Aquafornia news Noozhawk

Santa Barbara renames its El Estero water treatment plant

The city of Santa Barbara plans to rename the El Estero Water Treatment Plant. The City Council voted 7-0 this week to call it the “El Estero Water Resource Center,” with the tagline of “Enhancing Santa Barbara’s Quality of Life.”

Aquafornia news Santa Barbara Independent

Dragging feet on toilet-to-tap in Montecito

The current five members of the Montecito Water Board ran as slate candidates in 2016 and 2108, and they won election largely on the promise of recycling treated wastewater for irrigation. A group of wealthy donors poured $200,000 into their campaigns. Yet the new board seems in no hurry to get the job done.

Aquafornia news Tracy Press

Opinion: Environmental act not right for California water agencies

In SB1, State Senate President Pro Tem Toni Atkins provides a compelling case to protect California’s air, navigable water, drinking water and workers. … However, despite our recognition that some in our state feel recent administrative rulings and legislative changes to federal law may not be the right prescription for California, we believe this legislation is overbroad, duplicative and unworkable.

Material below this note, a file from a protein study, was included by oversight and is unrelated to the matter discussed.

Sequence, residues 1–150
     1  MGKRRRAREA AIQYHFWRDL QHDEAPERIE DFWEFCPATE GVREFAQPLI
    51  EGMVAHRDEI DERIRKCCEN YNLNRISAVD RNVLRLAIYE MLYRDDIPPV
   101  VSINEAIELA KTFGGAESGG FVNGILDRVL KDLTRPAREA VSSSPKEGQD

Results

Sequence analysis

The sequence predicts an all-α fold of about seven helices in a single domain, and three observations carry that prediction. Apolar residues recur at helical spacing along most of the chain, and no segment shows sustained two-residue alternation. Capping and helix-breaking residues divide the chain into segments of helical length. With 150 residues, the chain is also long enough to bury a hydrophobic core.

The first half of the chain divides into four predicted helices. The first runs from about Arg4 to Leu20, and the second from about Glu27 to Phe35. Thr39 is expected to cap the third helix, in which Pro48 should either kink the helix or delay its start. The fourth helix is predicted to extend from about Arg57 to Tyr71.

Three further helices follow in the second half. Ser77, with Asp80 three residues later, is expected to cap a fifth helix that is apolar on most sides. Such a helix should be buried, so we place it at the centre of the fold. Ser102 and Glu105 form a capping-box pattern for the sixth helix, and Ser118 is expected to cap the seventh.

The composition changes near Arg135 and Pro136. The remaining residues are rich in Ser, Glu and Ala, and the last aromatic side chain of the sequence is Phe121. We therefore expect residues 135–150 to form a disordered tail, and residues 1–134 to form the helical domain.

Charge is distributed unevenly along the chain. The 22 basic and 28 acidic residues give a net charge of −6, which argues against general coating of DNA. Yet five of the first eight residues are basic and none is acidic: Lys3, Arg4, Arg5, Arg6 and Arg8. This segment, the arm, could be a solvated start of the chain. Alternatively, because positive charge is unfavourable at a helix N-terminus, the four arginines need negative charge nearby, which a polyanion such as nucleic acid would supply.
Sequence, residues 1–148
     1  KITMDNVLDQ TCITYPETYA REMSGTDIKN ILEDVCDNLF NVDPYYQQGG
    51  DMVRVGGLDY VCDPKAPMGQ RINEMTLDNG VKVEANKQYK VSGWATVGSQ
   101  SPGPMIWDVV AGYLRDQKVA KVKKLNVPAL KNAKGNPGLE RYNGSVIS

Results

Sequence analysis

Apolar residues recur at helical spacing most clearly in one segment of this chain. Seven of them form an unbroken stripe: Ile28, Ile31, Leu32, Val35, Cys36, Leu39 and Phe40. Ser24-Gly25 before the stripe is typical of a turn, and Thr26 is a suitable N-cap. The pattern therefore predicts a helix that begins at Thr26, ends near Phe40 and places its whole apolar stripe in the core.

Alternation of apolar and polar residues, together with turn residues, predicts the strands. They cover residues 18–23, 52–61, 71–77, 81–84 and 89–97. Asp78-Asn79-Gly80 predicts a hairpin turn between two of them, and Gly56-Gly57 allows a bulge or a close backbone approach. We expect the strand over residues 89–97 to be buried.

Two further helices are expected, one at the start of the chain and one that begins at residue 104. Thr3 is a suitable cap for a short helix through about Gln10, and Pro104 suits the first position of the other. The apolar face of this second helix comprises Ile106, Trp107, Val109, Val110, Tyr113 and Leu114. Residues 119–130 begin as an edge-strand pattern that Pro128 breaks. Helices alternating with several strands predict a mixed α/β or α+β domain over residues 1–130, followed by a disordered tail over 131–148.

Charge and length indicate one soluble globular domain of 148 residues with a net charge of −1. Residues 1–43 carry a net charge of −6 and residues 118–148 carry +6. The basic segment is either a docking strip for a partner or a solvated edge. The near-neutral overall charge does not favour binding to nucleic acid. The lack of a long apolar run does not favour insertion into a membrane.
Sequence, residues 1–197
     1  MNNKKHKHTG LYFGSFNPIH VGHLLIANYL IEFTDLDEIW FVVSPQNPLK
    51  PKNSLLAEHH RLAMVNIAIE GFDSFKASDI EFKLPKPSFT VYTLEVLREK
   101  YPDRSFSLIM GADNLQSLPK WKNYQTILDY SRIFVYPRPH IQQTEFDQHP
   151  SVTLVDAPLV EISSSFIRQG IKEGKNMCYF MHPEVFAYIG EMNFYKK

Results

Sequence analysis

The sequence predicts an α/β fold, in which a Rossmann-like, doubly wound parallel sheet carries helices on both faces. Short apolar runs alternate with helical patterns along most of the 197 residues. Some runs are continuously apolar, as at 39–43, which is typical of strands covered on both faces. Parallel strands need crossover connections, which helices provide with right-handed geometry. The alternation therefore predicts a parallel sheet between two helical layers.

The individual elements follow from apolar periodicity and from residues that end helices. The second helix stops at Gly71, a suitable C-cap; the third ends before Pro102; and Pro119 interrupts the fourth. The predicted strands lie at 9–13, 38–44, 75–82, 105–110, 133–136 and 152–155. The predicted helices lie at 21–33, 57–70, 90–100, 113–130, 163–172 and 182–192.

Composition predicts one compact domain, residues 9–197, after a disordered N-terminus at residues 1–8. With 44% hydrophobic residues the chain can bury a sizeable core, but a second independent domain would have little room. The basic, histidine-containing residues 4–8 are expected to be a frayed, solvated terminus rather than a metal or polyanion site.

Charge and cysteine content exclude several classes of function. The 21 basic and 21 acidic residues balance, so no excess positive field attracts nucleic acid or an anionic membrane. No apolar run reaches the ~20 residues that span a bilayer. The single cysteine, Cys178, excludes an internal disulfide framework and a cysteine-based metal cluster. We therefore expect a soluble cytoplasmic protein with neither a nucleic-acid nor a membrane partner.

Aquafornia news KPIX

Seeping, rain-charged aquifers flood South Bay roads

In just the past week, water about an inch deep has popped up out of nowhere in both the northbound and the southbound lanes just south of the 880 interchange. … Underground aquifers are full from all the recent rain and pressure is now forcing water to bubble up in weak spots in the surface.